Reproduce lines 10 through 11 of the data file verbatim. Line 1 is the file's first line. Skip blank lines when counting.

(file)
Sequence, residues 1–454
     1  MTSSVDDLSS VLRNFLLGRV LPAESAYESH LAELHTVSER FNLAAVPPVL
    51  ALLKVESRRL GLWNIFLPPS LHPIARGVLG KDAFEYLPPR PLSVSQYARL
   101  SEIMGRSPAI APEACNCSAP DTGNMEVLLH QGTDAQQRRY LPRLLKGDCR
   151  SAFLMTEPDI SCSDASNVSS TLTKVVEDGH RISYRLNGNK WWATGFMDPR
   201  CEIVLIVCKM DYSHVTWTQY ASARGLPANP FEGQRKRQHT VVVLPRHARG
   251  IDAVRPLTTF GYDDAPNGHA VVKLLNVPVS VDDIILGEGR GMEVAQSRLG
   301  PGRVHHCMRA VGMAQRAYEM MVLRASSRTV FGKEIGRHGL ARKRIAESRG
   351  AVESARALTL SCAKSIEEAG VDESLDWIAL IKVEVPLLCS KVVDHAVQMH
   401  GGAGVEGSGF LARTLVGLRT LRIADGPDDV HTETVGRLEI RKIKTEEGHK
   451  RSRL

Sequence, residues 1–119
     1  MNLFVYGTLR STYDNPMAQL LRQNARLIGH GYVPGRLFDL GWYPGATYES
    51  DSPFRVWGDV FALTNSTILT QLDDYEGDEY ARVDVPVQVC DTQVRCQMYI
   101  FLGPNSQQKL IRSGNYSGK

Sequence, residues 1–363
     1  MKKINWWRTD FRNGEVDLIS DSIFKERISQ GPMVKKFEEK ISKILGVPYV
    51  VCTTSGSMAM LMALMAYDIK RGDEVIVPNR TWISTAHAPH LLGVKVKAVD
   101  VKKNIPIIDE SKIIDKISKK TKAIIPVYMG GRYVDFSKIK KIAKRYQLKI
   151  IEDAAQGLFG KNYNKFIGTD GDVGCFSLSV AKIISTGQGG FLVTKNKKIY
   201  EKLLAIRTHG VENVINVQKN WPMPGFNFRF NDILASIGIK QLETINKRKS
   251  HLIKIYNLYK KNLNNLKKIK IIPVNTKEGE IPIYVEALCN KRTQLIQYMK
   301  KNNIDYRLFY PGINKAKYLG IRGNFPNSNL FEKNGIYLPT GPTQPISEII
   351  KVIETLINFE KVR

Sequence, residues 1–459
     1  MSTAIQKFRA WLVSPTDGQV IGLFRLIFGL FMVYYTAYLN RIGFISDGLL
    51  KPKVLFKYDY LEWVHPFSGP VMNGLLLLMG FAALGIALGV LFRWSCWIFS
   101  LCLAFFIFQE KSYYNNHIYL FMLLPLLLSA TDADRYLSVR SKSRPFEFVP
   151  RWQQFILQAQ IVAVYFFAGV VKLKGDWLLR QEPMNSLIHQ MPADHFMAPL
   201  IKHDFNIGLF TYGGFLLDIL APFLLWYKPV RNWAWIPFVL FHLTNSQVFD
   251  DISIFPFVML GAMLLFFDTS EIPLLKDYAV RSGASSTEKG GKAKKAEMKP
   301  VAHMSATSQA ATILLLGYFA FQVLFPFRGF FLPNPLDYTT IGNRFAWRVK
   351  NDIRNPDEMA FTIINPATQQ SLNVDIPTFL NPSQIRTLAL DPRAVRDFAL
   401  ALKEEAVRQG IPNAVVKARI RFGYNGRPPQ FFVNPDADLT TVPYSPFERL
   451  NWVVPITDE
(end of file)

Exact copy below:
   401  GGAGVEGSGF LARTLVGLRT LRIADGPDDV HTETVGRLEI RKIKTEEGHK
   451  RSRL